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Museum Grade and Grading

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#1 Kent10

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Posted 07 September 2013 - 10:25 PM

Are some meteorites actually graded. I have seen museum grade, AAA and A grade. Or are these just selling labels made by the owner.

Thanks.

#2 Glassthrower

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Posted 08 September 2013 - 09:23 AM

Just selling labels made by the owner. There are no graded meteorites. Typically, if you hear "museum grade" on eBay, it's anything buy museum-grade. It's like the word "rare" and it gets thrown around rather loosely these days. :)

#3 Kent10

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Posted 08 September 2013 - 09:42 AM

Yea, thanks Mike, that is what I thought. You do see that museum grade thrown around a lot though.

#4 Glassthrower

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Posted 08 September 2013 - 12:45 PM

Generally speaking, rarity and scientific value are the two biggest criteria that museums and institutions use when considering a meteorite acquisition. Aesthetics rarely comes into play, nor does "condition" of the specimen (in most cases).

Also, some meteorites are so common (like Campo del Cielo), that museums have no interest in them. I seriously doubt that any Campo or Nantan on the market would qualify as "museum quality".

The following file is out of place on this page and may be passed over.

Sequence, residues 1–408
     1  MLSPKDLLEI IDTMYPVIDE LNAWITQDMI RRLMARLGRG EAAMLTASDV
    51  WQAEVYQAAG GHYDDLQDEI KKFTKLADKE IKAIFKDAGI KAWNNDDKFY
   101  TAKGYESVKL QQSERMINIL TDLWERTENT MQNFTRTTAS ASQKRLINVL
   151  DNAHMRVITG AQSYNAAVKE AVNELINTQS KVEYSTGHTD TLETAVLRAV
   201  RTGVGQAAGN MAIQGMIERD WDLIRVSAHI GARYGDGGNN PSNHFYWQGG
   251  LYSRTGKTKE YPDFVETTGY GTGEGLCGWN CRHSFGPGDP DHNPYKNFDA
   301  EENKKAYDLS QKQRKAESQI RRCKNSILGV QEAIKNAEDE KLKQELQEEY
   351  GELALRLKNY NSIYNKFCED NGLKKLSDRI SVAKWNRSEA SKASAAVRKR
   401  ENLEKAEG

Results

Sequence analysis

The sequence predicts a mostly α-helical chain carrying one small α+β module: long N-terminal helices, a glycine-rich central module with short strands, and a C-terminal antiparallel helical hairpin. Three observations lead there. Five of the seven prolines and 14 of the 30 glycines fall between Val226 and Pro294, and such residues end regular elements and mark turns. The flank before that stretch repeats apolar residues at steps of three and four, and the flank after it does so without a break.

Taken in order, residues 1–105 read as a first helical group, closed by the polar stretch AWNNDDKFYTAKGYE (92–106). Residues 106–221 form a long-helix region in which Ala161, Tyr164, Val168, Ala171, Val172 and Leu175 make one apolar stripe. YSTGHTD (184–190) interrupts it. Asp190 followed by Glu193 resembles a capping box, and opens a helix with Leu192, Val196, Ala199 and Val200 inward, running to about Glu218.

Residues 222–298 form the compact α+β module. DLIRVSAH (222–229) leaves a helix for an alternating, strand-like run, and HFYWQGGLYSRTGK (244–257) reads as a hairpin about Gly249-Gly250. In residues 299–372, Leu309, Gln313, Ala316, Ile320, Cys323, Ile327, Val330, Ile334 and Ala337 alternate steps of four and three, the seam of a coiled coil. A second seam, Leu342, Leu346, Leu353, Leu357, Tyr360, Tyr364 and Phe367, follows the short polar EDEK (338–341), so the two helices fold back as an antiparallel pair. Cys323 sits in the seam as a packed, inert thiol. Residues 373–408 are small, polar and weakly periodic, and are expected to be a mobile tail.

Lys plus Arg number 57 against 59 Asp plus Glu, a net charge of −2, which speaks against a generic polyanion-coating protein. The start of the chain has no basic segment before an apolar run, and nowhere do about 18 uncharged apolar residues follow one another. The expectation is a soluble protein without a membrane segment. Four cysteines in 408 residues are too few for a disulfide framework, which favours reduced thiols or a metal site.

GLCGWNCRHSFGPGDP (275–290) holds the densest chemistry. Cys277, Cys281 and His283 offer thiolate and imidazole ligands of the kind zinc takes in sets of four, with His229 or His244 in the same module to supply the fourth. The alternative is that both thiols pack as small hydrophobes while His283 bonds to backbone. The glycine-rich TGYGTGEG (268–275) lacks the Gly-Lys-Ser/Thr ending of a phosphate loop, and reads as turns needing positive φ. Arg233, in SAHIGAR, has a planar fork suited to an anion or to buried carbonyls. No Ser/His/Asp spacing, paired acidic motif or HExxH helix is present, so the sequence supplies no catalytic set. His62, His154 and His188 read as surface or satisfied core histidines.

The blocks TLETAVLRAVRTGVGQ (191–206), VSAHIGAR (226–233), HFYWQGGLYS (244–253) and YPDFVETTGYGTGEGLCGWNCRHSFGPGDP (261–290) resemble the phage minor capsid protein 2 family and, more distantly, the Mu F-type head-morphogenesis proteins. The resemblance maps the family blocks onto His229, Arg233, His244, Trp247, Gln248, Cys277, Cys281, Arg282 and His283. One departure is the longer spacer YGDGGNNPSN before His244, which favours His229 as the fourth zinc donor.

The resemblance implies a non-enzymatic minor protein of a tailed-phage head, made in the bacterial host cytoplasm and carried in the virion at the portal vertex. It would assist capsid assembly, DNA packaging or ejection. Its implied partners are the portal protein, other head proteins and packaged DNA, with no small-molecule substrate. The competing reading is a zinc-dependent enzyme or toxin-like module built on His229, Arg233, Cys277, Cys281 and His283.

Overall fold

It's a marketing and promotional term that most veteran dealers generally avoid.

The word "rare" is also quite arbitrary, but at least rarity can be measured by the amount of material available on the market.

For example, a given meteorite might have a massive TKW, which implies no rarity at all. However, if the vast majority of the material sits in institutions (and is unavailable to collectors), then it can be called "rare" without being misleading. The Antarctic meteorites are a great example. There are literally tons of them sitting in NASA vaults, but they are almost all unattainable. In this case, they are truly made of "unobtainium". :lol:

#5 lee14

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Posted 08 September 2013 - 04:58 PM

Very true. At least as far as ebay goes, some of this purely subjective hyperbole is a throwback to their listing philosophy. Back when ebay was new on the scene, they would make recommendations on ways to enable your listings to stand out, and one of their suggestions was to use words like 'super' or 'outstanding' in the titles. (This was in the days when ebay didn't provide the currently excellent photo services, you actually had to host your images on another (any) site and provide a link to them.) For example, there's a current dealer specializing in Campos (not lacroix) whose every listing seems to be of 'museum quality' or some other superlative. I don't have an issue with his material, just the hype.

Lee






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